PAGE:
The U.S. Supreme Court heard arguments Tuesday in a massive gender discrimination case, involving retail giant Wal Mart, that could have a major impact on businesses and rights of employees across the United States.  

The Supreme Court appeared skeptical as they heard oral arguments on a case determining whether female employees of Wal Mart can together pursue allegations that managers discriminated against them on pay and promotions.  

The highest U.S. court will decide whether 1.5 million women can contest their case in a class action lawsuit (a suit filed on behalf of a large, collective group) against the world's largest retailer.  The ruling could set a new precedent for labor discrimination cases in the United States.  And if the court allows the case to go forward, billions of dollars in damages are at stake.

The Supreme Court indicated they had problems with the lower court's ruling against the company.  Justice Anthony Kennedy, a key vote on the nation's highest court, questioned what the unlawful policy was. Other justices expressed concern about whether a case of this size would be fair to Wal Mart.

The company's attorney, Theodore Boutrous, argued the female employees do not have enough in common to bring a single case. Outside the Supreme Court, he told reporters he was pleased with the issues the court focused on.

"The other thing you saw today, the justices were focused on: the terrible due process problems with the theory that the plaintiffs have used here. Individual women would not get to tell their stories. Wal Mart would not be able to put on its defenses," he said.

Joseph Sellers, the lawyer representing the women, said his clients were exposed to company-wide discrimination around the country and do not make enough to individually bring this case to court. "This case offers Wal Mart as well as our clients a economical, efficient way to challenge a common practice across the stores, rather than litigating all these cases across the country," he said.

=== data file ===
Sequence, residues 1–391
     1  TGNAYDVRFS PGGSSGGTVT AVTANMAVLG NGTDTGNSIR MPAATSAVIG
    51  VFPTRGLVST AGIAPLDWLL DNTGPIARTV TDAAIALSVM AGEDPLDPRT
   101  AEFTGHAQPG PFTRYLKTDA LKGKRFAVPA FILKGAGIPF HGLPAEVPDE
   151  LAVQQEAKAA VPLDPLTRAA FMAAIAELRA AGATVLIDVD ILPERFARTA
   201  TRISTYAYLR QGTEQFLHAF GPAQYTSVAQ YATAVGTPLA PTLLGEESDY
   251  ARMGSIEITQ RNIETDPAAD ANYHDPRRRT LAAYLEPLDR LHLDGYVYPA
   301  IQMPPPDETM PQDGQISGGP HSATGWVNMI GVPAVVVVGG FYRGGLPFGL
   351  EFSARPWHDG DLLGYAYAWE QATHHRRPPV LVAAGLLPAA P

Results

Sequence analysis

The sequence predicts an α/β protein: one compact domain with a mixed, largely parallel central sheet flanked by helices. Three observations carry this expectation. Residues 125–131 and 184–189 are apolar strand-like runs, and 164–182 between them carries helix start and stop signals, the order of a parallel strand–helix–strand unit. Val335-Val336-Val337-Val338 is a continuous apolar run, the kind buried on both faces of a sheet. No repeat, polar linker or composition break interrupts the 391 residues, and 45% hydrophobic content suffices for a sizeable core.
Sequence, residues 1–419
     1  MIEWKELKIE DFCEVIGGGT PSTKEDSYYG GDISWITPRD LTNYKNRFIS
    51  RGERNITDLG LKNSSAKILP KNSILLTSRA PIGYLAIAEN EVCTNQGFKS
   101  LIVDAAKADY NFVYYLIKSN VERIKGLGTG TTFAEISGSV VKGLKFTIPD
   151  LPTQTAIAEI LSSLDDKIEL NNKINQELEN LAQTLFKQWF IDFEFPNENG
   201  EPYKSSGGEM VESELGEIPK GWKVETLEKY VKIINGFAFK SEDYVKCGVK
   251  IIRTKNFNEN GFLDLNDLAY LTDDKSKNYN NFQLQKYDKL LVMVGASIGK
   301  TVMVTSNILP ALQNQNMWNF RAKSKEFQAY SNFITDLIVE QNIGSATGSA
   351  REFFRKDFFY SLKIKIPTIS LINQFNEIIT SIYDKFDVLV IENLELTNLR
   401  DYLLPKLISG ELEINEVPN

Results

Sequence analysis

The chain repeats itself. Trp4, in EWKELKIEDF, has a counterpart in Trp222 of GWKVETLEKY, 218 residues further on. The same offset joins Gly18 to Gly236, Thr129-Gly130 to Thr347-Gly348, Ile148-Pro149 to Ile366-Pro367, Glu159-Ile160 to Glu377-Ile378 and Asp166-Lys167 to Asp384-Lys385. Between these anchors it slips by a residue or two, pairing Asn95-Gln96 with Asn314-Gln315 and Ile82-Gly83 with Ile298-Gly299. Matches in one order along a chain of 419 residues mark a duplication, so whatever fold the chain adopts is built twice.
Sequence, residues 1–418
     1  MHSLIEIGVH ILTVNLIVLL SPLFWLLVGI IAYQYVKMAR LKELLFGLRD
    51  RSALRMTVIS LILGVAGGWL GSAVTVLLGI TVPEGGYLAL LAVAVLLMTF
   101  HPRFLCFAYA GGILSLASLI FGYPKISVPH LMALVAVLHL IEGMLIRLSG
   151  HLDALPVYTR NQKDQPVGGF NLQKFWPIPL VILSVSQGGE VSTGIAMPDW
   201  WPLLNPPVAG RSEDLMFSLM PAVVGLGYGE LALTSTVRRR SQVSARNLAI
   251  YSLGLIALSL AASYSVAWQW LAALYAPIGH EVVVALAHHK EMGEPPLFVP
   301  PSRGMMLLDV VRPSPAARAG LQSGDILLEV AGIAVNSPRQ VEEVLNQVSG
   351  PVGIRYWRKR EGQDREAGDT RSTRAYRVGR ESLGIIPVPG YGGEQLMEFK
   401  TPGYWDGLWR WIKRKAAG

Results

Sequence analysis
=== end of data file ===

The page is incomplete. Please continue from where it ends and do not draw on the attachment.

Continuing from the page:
Betty Dukes, the lead plaintiff on the case, filed the suit with five others after seeing patterns of discrimination as a female employee. "Since we have filed our lawsuits in 2001, I have heard from numerous of women basically the same story as mine of disparity in treatment and lack of promotion and in lack of pay," she said.

But Wal Mart's executive vice president of human resources, Gisel Ruiz, said she is proof the company has a long history of promoting and advancing women. "I joined the company in 1992  as a management trainee, in Madera, California, and in less than four years I was promoted to store manager. I have  had a very positive experience at Wal Mart like thousands of other women and not being able to opt out of the case is wrong," she said.

Groups of supporters of the women gathered in front of the Supreme Court early Tuesday as the oral arguments went on inside.

The women have gained the support of the National Women's Law Center and 18 other organizations.  Terry O'Neill, president of the National Organization for Women, was among the demonstrators. "The case is actually about whether the women of Wal Mart have the right to form a class and pursue their class action,  but it can have implications on whether anyone can form a class to get redress from these huge, extremely well-funded corporate lawbreakers," she said.

Wal Mart has found support from companies such as General Electric, Intel, Microsoft and Bank of America.

Hans Bader a senior attorney at the Competitive Enterprise Institute said this case will make companies more vulnerable to facing massive class action lawsuits.

"It just allows a kind of weak national class action to be brought, even though the employees don't have a lot in common, and on the basis of very weak evidence.  If you put those two together, you could bring a national class action, like this, against basically against any large company in America," he said.

The Supreme Court could decide the case by the end of June.